Naval History and Heritage Command

Naval History and Heritage Command

The Navy Department Library

Tags
Related Content
Sources

Adapted from "Rear Admiral Eugene James Carroll, Jr., United States Navy, Deceased"  [biography, dated 24 October 1973] in Modern Biographical Files collection, Navy Department Library.

 
Topic
  • Aviation
  • Cruises, Deployments, and Exercises
Document Type
  • Biography
Wars & Conflicts
  • Korean Conflict 1950-1954
  • China Service 1937-1939, 1945-1957
  • World War II 1939-1945
  • Vietnam Conflict 1962-1975
File Formats
Location of Archival Materials
  • NHHC-Library

Eugene James Carroll, Jr.

2 December 1923 - 19 February 2003

Download PDF Version [218KB]

Eugene James Carroll., was born on December 2, 1923, in Miami, Arizona, son of Eugene J. and Kathleen (Ryden) Carroll. He attended the California Institute of Technology at Pasadena, prior to entering naval service on July 29, 1943. As an Aviation Cadet, he had training at Monmouth (Illinois) College; University of New Mexico at Albuquerque; University of Georgia at Athens and the Naval Air Stations, Memphis, Tennessee and Pensacola, Florida. He was commissioned Ensign in the US Naval Reserve and designated Naval Aviator on April 10, 1945. Advancing progressively in rank, he subsequently attained that of Rear Admiral, to date from November 1, 1972, having transferred from the Naval Reserve to the US Navy on December 26, 1946.

After receiving his commission in 1945, he had further training at the Naval Air Station, Atlanta, Georgia until June of that year. He next served successively as a Flight Instructor at the Naval Auxiliary Air Station, Whiting Field, Milton, Florida; the Naval Air Station, Atlanta, Georgia (December 1945-May 1946) and finally the Naval Air Station, Pensacola, Florida. In March 1947 he reported for ground control approach instruction at the Naval Air Technical Training Center, Olathe, Kansas, and in September of that year was assigned as Ground Control Approach Controller at the Naval Air Station, Guantanamo Bay, Cuba. He remained there until January 1949, then attended the General Line School, Monterey, California.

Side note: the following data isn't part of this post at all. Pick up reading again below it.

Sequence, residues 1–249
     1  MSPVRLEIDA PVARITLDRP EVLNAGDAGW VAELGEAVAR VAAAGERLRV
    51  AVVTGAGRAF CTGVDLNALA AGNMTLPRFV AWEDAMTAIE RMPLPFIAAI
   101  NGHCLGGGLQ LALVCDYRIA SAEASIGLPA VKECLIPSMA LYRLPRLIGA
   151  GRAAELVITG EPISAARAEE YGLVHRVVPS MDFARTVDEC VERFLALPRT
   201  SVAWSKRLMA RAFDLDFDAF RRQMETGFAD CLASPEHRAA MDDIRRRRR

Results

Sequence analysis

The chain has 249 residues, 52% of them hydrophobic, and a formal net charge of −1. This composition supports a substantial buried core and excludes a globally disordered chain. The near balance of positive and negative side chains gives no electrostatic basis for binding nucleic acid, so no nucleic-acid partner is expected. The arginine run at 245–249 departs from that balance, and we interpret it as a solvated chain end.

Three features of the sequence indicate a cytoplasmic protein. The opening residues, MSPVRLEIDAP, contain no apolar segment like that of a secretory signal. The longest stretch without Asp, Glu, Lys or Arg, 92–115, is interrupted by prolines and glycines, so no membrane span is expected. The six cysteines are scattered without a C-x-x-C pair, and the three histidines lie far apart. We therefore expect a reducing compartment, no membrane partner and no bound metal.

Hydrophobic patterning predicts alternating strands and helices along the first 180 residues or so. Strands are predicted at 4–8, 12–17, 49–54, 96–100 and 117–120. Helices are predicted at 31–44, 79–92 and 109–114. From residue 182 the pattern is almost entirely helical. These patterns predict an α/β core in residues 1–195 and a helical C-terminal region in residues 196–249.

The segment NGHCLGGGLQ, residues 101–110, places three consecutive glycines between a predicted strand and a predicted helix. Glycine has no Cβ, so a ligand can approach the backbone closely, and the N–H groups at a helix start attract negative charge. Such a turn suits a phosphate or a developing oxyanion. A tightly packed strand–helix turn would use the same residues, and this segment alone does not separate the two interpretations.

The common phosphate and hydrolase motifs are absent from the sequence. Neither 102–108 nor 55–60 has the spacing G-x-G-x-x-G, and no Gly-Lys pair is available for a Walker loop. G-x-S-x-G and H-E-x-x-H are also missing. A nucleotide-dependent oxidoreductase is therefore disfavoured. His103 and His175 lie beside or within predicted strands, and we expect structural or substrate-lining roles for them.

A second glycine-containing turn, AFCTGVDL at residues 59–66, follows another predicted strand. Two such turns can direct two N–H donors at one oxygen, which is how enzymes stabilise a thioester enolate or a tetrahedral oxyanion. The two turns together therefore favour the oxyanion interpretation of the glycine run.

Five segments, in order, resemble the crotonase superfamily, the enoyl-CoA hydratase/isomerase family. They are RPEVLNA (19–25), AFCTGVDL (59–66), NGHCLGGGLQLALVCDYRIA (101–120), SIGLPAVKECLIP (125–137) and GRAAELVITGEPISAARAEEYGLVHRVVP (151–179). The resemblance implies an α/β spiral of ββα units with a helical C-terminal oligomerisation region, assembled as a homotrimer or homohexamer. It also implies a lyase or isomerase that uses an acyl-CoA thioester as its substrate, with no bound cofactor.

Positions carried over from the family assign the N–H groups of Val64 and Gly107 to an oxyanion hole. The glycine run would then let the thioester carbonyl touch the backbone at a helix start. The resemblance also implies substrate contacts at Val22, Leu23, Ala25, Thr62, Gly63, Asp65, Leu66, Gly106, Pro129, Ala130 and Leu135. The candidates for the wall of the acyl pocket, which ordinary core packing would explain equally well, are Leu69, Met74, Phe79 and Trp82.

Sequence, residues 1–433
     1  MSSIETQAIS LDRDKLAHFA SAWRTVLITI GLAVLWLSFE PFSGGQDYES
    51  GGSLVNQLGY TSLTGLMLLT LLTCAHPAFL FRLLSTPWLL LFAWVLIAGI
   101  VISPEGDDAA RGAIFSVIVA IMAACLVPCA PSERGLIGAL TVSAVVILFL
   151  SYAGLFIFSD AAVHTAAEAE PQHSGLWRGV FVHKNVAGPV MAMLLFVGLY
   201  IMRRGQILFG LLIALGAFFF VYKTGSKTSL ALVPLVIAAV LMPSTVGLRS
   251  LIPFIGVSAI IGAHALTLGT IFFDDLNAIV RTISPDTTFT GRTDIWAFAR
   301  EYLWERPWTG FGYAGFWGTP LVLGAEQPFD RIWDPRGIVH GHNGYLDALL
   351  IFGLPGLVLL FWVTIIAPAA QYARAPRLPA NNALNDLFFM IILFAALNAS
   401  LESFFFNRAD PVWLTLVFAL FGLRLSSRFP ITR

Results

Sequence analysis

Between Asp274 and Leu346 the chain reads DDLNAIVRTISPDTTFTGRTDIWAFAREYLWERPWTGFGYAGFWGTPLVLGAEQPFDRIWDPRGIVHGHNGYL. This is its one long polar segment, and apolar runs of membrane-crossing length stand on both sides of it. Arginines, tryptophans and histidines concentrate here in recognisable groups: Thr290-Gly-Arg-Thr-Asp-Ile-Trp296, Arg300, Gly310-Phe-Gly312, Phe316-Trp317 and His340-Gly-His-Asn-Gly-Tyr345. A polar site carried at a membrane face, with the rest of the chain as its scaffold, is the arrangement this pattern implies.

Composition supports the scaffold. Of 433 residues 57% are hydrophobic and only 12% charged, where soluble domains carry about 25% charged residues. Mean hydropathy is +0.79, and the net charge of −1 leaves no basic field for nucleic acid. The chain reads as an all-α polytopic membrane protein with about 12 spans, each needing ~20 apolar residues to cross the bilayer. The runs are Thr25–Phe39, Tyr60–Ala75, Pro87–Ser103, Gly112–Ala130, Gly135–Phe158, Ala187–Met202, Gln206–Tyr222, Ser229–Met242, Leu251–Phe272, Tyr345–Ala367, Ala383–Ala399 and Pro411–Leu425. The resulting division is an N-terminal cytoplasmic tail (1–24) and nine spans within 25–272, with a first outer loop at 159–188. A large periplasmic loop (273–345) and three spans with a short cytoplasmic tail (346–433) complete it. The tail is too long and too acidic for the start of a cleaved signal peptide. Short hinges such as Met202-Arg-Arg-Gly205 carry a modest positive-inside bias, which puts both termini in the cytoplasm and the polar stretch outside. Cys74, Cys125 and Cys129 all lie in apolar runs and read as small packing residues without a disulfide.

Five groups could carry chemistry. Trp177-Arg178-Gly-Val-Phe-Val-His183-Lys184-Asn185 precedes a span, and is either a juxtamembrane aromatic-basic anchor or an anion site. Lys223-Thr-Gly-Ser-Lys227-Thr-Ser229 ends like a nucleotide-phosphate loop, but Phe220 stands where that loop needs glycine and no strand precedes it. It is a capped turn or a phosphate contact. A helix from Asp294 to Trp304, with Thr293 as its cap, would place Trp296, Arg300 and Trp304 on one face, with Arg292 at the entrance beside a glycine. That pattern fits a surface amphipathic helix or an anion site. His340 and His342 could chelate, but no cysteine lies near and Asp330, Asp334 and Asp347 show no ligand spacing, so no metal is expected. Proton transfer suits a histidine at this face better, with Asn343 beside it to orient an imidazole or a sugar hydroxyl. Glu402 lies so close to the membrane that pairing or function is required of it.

In February 1950 he joined Attack Squadron Sixty-Five, which operated in the Korean area of hostilities, embarked in USS Boxer, USS Valley Forge and USS Philippine Sea. Flying AD Skyraider type aircraft, he engaged in sixty-six combat missions (1950-1951), participating in the Inchon landing through the Hamhung vacuation and in the spring of 1951 the United Nations offensive. He was awarded the Air Medal with Gold Star in lieu of the Second, Third, and Fourth Air medal for “meritorious achievement… during operations against enemy aggressor forces in Korea…” from September 16, 1950 to May 19, 1951.

He reported in February 1952 as Attack Training Officer at the Naval Air Station, Los Angeles, California and in March 1954 joined USS Greenwich Bay (AVP-41), which, as Flagship of the Middle East Force, operated in the Persian Gulf, Indian Ocean and Red Sea. For two years July 1955-June 1957, he served as Maintenance officer of Attack Squadron One Hundred Seventy-Six, after which he attended the Command and Staff course at the Naval War College, Newport, Rhode Island. In June 1958, he was assigned to the Lieutenant Commander Assignment Desk in the Bureau of Naval Personnel, Navy Department, Washington, DC, where he remained until December 1960. While there, he received the degree of Bachelor of Arts in Business Administration from George Washington University, Washington, DC., in 1960. Following replacement air group training with attack Squadron Forty-Four, he became Executive Officer of Attack Squadron Thirty-Six in June 1961 and assumed command of that squadron in May 1962. That squadron, under his command, was deployed in November 1962 for the Cuban confrontation and operated from USS Lexington and USS Saratoga.